Rather than rant more on those, let's cut to the chase and give the definition that most people really use:


(what you did)

----------------------------

(what I wanted)


You see, management is really not a data science. It is generally practiced as a semi-educated gut feel, because most managers in software organizations are really programmers risen through the ranks. Maybe 1/3 of them have studied computer science (judging by the popularly quoted folk-statistic that 30% of people work in the area of their college major).  Most of them have learned to manage in a sink-or-swim way, or possibly mentored in a "tribal knowledge" kind of way.

As a result, most decisions are based on trust and gut feel. 

This measure is a gut-feel relation. As a gut-feel relation, we really should adjust it to say "what I think you did" on top, but I'm leaving it as-is. 

The thing that might confuse some readers is that this is not a snarky rant. I believe that this relation is not only "true" but possibly "correct" for all of the subjectivity that is inherent.

Whether it is right or not, it seems to be true, and gives us some leverage and predictive power. In other words, however imperfect and undesirable you may think it, this is a workable definition.

I have long talked about the "trust transaction" where we give transparency and delivery, and in return are given trust (generally in the form of lessened governance and increased autonomy).  Notice how this addresses the relationship.

I am not the first, nor even the brightest, to have talked about "expectations management" and "business and development working together" which improves the relation by "truing up" both entities.

Nor am I the first nor brightest to discuss the idea of delivering earlier and oftener. Notice that this helps to calibrate not only expectations but also observations.

And finally, note how not having anything to show for your past N days worth of effort affects the relation.

I offer it here for your comment, acceptance, absolute rejection, or ridicule -- as you wish.

Friday, November 13, 2015

Plate-Emptying



Over at Reddit there is a discussion about my Stop Per-Person Swimlanes article at Industrial Logic.

This surfaced what seems to be a common misunderstanding.



Some people think that the board was designed to facilitate public shaming.

It's to motivate members in a team to work harder. When your personal progress and responsibilities are put on a clearly visible chart somewhere it's a bit different than a sea of todo's some of which are labeled with your name.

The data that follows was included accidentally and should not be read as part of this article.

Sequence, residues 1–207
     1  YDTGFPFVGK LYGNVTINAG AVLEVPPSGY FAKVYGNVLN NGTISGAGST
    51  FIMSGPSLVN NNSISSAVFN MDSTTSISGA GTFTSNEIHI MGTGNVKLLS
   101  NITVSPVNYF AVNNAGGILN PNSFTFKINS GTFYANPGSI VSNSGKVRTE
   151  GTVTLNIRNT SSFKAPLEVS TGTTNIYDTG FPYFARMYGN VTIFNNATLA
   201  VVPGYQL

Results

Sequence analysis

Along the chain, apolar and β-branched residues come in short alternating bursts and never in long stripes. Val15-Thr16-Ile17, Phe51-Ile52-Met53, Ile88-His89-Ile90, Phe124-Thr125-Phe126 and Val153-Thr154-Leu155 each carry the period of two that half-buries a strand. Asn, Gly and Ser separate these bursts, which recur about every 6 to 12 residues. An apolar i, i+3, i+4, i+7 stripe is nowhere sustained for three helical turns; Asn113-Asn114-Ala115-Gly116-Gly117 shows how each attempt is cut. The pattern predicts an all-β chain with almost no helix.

There are a lot of answers, agreeing or disagreeing (mostly disagreeing).  This one stands out:

It's different. Whether it's a good thing or a bad thing is EXTREMELY unclear. 
My take is that in most corporate environments that is a BAD thing. Why? Because, rather than thinking about the overall health of the code, coder's main concern is getting that ticket closed [emphasis mine - tro]. 
Which is a very straight path to the quick codebase degradation. 
Meanwhile, your velocity is high and management is happy while the project is quickly running into the ground.

This brings us to our topic of the day: Plate-Emptying.


Charlie developed a technique for getting the veggies off of his plate.


Plate Emptying - However silly it sounds...

Plate-emptying describes any behaviors which aim to increase performance in the small by minimizing the touch-time for each subtask performed.

I have witnessed it wherever there is pressure put on people to "finish quickly,"  or to "increase velocity" without any sort of work off-loading. It's especially visible where issues of quality are downplayed compared to speed task completion.

A pathological made-up story:
Imagine your dentist's office is running behind. The oral hygienist skips cleaning your teeth, gives you the bill for work not done, and sends you home.  Pretty soon the office is back on schedule and has more billed time on the books than usual!
Imagine that the dentist who heads the practice gives that hygienist a raise, and berates the others for being comparatively unproductive.

Yes, that's absurd. But stay with me here, because many software companies operate by rewarding those who give their work short shrift and declare early completion for work partly done. Often they drive out developers who are more complete and disciplined in their work.

But... this is SOFTWARE!!!

Yes, I know that software development is rumored to be a low-stress occupation, pleasant and quiet, with good rates and plentiful employment. That is not how many corporate programmers experience it. In fact, their lives seem to be full of death marches, which are causing mental health issues with plentiful stress.

Managers are in a horrible crunch most of the time. Big customers demand, and therefore are promised, a lot of work.

In software, everything is ASAP (or presented as if it is, to keep "motivation" high).

True Story: 
Managers had a significant defect backlog (tens of thousands) and were talking about two teams. 
One team is methodical, and sometimes could take a day or two to fix a defect, but they were always truly fixed and passed through testing and to deployment without any issues. 
The other team emptied their plate quickly usually in less than a half-day, but often had to revisit the same bug several times because their fixes didn't always really work or sometimes had troubling side effects.